Site hosted by Angelfire.com: Build your free website today!
Introduction

Welcome to the Traditionalist Conservatism Page!

This page presents a survey of materials on the Web related in some way to traditionalist conservatism. The survey is intended to be comprehensive, and so covers tendencies worldwide from the American Old Republic to the European New Right, from Catholic traditionalism to neo-Sufism, and on out to the anarchist and fascist fringes.

The purpose is not to propagandize or reform, but to raise issues, educate and provide resources for investigation, and so to provide relief from the sameness and superficiality of public discourse today. For that reason the page also includes materials (especially toward the end) that are not specifically traditionalist or conservative but raise issues that the liberal utopian rationalism now dominant finds hard to digest. I believe that raising such issues highlights the impossibility of a rationalized social order and the need for tradition and a transcendent reference point.

A traditionalist page that presents no orthodoxy might be thought paradoxical. However, truth is not purely traditional, although it is through tradition that we attain it. Especially in unsettled times, free discussion is necessary. Let me know if you have comments, visit my weblog, Turnabout, for current events and further commentary, and if you want to discuss the topics do join our discussion board, The Struggle Continues! If you want, you can start with a spoken introduction to the issues (requiring RealPlayer). I hope you find something that interests you!

Contents:

The Various aspects of the topic--political, cultural, moral and religious--are hard to separate, but I attempt to distinguish categories while remaining comprehensive:

Political and Social Conservatism

High Culture

Traditionalist conservatives usually think of politics as an aspect of culture, and so recognize the mutual relevance of the two. So here are things relating more particularly to literary and philosophical culture:

Religion

While some have argued that non-religious conservatism is possible, most traditionalist conservatives think of politics and culture as necessarily connected to religion. Certainly it is hard to think of conservatives, other than a few skeptical and comfortably-situated intellectuals, who decisively reject the existence of some power for good transcending mankind. So here are resources relating to traditional religious orthodoxy of one sort or another, some with a political slant:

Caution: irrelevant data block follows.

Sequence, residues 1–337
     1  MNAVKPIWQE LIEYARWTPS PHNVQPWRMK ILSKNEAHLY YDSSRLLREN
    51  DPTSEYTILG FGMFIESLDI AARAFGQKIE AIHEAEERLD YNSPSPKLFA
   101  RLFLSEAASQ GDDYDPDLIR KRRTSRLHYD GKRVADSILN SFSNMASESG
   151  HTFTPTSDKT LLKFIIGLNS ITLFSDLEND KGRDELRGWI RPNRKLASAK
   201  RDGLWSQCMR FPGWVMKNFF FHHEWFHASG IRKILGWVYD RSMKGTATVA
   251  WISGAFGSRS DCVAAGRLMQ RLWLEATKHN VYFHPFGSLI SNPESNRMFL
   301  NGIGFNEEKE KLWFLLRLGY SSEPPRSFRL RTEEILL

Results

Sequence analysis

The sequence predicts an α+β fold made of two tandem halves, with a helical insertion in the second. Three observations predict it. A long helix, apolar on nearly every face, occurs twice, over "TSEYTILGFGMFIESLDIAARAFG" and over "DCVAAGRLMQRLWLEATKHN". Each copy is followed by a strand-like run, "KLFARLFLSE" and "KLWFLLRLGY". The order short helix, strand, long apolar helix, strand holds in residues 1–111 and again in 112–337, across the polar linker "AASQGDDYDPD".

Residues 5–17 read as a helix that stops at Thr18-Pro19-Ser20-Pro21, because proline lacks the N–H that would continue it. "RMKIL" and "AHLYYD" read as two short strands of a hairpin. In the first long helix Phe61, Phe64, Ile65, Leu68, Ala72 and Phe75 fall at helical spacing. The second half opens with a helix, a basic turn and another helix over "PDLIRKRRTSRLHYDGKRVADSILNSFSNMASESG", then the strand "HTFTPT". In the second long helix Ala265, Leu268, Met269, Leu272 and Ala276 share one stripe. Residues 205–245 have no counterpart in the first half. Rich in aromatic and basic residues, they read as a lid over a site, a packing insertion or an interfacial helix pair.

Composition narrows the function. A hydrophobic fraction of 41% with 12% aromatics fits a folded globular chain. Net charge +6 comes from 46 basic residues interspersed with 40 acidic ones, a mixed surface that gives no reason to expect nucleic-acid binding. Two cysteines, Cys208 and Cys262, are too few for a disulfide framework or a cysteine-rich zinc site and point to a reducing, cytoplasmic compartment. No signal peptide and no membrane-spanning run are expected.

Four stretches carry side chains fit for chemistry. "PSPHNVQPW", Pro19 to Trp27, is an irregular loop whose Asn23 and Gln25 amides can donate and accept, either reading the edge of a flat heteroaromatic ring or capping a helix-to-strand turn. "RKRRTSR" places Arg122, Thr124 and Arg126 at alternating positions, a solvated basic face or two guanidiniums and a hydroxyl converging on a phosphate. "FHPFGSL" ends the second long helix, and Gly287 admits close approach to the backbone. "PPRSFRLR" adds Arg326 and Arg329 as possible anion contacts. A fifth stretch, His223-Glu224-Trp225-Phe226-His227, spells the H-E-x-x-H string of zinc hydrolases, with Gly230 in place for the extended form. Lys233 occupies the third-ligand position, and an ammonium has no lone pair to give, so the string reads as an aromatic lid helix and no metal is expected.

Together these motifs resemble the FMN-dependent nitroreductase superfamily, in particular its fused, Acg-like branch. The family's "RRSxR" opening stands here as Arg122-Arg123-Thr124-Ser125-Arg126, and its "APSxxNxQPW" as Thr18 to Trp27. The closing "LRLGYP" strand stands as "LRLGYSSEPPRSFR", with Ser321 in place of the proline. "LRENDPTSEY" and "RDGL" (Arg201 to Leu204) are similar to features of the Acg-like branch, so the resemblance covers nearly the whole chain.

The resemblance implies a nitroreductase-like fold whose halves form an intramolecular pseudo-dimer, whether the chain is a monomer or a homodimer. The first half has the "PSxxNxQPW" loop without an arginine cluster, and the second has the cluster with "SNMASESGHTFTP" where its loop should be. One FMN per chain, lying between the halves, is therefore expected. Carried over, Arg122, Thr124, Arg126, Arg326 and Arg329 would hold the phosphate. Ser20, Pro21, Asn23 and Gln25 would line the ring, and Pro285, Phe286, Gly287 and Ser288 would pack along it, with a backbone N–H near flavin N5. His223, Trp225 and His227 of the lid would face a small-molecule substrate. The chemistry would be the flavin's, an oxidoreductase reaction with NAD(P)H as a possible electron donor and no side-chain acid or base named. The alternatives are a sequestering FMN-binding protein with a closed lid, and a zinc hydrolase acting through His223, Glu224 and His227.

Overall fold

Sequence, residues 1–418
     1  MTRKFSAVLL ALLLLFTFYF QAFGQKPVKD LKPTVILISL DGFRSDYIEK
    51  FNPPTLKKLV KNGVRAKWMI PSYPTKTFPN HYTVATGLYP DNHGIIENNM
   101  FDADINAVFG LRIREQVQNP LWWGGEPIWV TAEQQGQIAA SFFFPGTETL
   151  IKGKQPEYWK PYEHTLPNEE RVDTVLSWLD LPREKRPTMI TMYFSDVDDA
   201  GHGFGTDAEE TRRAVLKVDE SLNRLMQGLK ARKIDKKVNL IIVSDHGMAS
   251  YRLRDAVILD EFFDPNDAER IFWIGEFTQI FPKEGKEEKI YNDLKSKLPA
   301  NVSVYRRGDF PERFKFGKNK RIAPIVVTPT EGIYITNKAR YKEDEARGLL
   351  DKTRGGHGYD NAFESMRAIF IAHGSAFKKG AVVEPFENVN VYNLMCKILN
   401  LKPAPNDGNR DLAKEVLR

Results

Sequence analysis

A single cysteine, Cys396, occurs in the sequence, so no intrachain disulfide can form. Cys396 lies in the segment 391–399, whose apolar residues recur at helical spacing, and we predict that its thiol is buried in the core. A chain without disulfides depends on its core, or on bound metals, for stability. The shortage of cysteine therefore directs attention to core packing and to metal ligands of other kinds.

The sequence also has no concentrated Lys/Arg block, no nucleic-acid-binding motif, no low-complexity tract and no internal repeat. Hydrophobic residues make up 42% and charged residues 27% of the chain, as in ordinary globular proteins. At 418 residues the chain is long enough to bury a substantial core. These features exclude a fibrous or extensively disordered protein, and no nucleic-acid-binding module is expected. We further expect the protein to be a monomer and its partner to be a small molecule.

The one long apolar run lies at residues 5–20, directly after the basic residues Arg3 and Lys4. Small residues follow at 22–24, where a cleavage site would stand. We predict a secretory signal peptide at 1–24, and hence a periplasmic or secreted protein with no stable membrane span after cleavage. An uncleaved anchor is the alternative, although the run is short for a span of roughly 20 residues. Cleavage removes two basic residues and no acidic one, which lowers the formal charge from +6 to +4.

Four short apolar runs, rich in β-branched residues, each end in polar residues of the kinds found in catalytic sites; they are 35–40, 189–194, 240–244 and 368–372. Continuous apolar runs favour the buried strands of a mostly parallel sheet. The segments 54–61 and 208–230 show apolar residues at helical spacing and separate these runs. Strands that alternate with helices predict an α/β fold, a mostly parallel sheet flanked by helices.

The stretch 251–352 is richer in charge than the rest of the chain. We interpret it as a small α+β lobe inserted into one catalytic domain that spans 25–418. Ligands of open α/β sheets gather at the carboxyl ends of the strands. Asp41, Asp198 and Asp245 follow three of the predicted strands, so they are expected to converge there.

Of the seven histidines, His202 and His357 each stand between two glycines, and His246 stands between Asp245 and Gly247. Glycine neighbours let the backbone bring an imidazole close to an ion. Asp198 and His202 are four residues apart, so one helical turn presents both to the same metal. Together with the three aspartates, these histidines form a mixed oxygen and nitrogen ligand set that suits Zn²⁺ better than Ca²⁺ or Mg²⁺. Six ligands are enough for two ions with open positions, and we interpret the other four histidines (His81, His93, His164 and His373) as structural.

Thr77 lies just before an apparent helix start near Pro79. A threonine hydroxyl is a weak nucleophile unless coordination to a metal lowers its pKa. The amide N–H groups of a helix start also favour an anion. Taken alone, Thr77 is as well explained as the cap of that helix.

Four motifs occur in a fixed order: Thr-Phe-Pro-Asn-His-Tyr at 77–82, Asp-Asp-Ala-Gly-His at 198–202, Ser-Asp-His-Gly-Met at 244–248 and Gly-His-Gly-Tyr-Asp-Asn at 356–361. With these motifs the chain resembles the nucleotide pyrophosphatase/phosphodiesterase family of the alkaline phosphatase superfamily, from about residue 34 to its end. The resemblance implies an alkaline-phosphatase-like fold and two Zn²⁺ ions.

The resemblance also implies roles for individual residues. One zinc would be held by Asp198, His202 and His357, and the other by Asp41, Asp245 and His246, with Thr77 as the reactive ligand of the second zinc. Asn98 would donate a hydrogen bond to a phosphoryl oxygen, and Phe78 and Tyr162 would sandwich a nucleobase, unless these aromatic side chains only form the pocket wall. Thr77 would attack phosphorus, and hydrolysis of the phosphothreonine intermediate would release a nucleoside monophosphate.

Roman Catholic:

Eastern Orthodox:

Traditionalism seems more clearly constitutive of Eastern Orthodoxy than other branches of Christianity.

Anglican:

The church of T.S. Eliot, C.S. Lewis and Dorothy Sayers seems rather a mess, but some struggle on:

Protestant:

Protestantism often has an uneasy relation to traditionalism. Nonetheless, it is not monolithic and one should distinguish cases:

Jewish

Muslim:

Christianity, Conservatism, and the Polity:

Counterrevolution and Beyond

The following are resources that are out of the mainstream and in some way relevant to the concerns of traditionalist conservatives. I have sorted them into categories, but not without arbitrariness. You should note that since these listings are more in the nature of a bibliography than a statement of position, I do not stand behind what each of these pages says.

Counterrevolutionary and general

Particularism

Neo-Confederate and Southern

Anti-Immigration and Related

Non-American

European New Right and related

Integral Traditionalist and Related

Distributist and Related

Monarchist

Libertarianism and related

Many, especially in Europe, believe libertarianism wholly at odds with conservatism and traditionalism. However, at least in America there is considerable overlap because the American state tends strongly toward secular universalism and because the enormous expansion of the state has tended to crowd out all other authorities.

The biological connection

Farther and farther

Take on the World!

Current events and commentary

My weblog Turnabout comments on the events of the day. You may view the master archive or read the most recent entries:

Prepared by Jim Kalb, kalb@aya.yale.edu
Last edited 5/9/03